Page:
made out of bone that stands behind my eyes. Everything
gets filed under vision.

This is what happens when speech becomes futile. You see,
I have three mouths – one on my face, one below my belt, and the
last one existing in the center of my brain. It grows teeth
as the words come, busting through bloody gums that eventually
send speech down the nerves of my arms and into my fingertips. Magically,
the teeth turn into type, this hushed silence
that you are reading right now. My brain is wired

to be a picture bank, a sound disc dictionary
that spins as the track to a thirty-four year-long movie
that has not yet ended or sent to the cutting room floor. It was
wired for me by invisible Asperger fingers that snuck inside my mother’s womb
while cell and soul were being knit together. And it is
wired for sound to be received through your eyes. Listen carefully. Don’t
read my lips. You won’t find anything there today.

This poem was one of the two specifically written for Autistics Speaking Day. The other, “Back Door Blues“, is over at Raven’s Wing Poetry. There is a list of other poems I am sharing today here. And hats off to everyone participating in Autistics Speaking Day.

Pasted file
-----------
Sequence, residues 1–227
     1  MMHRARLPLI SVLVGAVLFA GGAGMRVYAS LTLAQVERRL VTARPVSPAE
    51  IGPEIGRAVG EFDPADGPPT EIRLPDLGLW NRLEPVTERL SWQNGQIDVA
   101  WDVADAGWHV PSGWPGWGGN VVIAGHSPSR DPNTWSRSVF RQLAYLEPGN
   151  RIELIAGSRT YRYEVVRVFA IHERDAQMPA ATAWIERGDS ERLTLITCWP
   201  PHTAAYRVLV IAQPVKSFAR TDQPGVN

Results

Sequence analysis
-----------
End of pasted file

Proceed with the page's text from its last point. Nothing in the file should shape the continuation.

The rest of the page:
Autistics Speaking Day Is Tomorrow

As you probably know, Autistics Speaking Day is tomorrow, November 1. Many of us on the spectrum have chosen this day to speak out instead of shut down, and The Coffee Klatch will be hosting a 24-Hour Chat on TweetChat tomorrow for Autistics Speaking Day. Also, other events and stuff may be happening too: feel free to check out the Autistics Speaking Day event page on Facebook for more info.

And I will be doing what I do best — poetry. I will be sharing some new poems I have written just for Autistics Speaking Day on here and Raven’s Wing Poetry, as well as sharing some other poems I’ve written in the past. I will post a list tomorrow of all of the poems here as well (so you don’t have to go a’diggin’) as well as Tweeting and posting on FB as much as possible. I look forward to joining everyone speaking out tomorrow in the Interwebs and Blogosphere and am honored to be part of such an event. Be LOUD and be PROUD on November 1!


ANCA 2010 Naturally Autistic Awards

We are less than a week away from the 2010 ANCA Naturally Autistic Awards. The awards ceremony is set to take place in Vancouver, BC on Saturday, October 30.